Many philanthropists don’t measure enough. They don’t ask tough questions of themselves or their grantees because it is uncomfortable. It is far easier to trust the charismatic CEO, hear a handful of heart-warming stories and feel good about what you have given.
The countertrend is over-measuring, which can result in lengthy presentations that bury pertinent information in reams of data or, worse, fail to yield actionable insights. For philanthropists, one consequence of over-measurement is “analysis paralysis”—where too much data stalls rather than supports decision-making. For grantees, over-measurement has the potential to increase their cost of capital without informing their efforts. An organizational habit of over-measurement can also hinder flexibility and innovation. For example, a grantee may accumulate sufficient data that supports a new strategy, but decide to wait for 100 percent bullet-proof data confirmation before implementing it—as beneficiaries languish in the meantime.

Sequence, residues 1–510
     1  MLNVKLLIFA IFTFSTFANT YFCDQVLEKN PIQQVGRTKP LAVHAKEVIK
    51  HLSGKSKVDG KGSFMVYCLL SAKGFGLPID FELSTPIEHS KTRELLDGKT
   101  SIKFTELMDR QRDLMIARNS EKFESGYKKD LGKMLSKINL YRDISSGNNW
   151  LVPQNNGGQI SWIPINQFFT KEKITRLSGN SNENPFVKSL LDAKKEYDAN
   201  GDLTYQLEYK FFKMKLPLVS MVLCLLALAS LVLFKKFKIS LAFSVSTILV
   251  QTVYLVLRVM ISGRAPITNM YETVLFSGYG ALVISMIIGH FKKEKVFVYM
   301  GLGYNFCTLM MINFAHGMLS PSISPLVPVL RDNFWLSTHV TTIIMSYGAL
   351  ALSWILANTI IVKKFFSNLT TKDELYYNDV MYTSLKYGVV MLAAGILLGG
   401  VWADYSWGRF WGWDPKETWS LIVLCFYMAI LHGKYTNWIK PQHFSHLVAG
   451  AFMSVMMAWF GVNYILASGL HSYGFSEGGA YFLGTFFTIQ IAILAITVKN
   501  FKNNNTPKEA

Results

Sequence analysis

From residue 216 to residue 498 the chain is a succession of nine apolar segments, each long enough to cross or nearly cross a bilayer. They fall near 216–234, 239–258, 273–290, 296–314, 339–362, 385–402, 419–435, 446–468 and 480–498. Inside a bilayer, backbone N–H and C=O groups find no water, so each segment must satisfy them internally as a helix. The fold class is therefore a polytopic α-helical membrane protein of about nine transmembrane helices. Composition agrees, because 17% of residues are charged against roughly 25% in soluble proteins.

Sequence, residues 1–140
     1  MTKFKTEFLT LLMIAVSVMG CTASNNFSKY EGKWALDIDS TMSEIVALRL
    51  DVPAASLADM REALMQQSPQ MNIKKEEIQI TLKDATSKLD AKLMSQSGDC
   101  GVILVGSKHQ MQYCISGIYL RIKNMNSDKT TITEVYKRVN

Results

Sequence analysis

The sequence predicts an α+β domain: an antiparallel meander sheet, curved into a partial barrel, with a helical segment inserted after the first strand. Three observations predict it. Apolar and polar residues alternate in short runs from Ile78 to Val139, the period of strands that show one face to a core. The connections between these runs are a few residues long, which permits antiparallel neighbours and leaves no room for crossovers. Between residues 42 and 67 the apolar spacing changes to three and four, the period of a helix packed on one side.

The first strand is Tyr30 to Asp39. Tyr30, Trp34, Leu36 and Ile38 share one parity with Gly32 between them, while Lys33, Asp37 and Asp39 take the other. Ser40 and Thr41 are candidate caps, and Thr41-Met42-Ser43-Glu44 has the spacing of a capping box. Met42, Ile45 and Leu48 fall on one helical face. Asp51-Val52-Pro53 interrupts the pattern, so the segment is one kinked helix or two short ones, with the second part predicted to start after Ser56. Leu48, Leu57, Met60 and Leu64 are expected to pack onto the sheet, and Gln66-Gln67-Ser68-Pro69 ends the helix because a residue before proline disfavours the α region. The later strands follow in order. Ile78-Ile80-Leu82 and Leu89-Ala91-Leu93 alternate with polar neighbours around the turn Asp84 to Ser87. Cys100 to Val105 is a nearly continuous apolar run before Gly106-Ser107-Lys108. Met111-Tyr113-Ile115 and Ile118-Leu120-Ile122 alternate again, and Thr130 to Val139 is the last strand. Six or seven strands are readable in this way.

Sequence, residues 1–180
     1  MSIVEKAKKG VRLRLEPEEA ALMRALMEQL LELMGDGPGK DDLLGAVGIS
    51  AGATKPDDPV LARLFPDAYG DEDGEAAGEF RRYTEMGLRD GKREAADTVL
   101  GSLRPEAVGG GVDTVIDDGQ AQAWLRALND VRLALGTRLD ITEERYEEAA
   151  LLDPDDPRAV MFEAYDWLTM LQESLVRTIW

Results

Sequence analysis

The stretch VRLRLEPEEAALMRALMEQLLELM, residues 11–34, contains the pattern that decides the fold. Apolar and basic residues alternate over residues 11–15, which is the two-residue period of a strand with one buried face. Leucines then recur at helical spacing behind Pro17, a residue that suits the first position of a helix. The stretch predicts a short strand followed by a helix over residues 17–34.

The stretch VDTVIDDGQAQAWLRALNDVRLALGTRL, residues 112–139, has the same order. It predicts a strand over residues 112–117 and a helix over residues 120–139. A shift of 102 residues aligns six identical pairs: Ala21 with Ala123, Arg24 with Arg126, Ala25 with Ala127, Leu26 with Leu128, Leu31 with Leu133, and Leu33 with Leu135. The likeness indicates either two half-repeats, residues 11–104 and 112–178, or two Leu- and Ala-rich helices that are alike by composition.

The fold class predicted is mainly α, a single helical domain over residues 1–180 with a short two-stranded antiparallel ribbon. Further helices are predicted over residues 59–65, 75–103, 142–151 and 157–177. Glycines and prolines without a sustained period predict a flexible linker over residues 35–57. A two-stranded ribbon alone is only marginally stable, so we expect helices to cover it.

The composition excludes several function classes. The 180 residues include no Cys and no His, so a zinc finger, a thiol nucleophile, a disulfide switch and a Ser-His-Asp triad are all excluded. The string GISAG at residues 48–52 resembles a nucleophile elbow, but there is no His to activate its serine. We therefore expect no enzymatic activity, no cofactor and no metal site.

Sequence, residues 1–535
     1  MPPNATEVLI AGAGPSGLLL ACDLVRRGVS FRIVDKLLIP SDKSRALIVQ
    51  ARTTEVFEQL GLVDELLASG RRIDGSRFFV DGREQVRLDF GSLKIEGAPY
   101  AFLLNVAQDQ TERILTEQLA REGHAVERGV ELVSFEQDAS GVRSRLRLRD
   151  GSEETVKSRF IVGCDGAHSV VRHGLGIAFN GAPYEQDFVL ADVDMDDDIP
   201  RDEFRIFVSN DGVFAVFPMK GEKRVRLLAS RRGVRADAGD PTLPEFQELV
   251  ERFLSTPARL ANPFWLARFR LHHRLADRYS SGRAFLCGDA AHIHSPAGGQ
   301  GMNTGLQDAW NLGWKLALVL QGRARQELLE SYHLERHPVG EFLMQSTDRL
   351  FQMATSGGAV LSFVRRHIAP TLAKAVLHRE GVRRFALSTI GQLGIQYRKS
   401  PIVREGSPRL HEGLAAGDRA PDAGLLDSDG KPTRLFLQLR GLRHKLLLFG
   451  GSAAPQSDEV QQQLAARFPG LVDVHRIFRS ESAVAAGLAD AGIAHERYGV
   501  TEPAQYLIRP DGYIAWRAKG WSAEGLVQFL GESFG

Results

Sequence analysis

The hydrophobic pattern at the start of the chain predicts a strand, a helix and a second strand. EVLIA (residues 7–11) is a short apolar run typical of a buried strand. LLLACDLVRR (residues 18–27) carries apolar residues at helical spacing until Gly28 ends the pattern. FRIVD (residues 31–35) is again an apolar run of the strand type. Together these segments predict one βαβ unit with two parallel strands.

How to find the right balance: To measure what matters, it helps to start with a firm agreement on the end goal. It is crucial for both you and your grantees to be clear on who or what you serve, to what end, and how you believe change will come about. Then, you need to ask questions and collect data that directly informs how well you are allocating resources toward that goal. You also need to make sure your process is flexible enough to account for real-time changes.
When choosing metrics, don’t be swayed or distracted by interesting, but not necessarily useful, data.